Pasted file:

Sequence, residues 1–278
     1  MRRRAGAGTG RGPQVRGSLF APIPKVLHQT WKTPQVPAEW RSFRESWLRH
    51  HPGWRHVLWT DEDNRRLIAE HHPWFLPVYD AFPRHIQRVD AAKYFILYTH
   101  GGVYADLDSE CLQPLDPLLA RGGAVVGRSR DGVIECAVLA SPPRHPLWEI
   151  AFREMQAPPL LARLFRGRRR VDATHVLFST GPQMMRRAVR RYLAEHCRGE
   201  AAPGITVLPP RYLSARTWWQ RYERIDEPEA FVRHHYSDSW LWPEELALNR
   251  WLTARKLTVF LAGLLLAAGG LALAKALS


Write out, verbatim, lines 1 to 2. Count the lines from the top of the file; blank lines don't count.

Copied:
Sequence, residues 1–278
     1  MRRRAGAGTG RGPQVRGSLF APIPKVLHQT WKTPQVPAEW RSFRESWLRH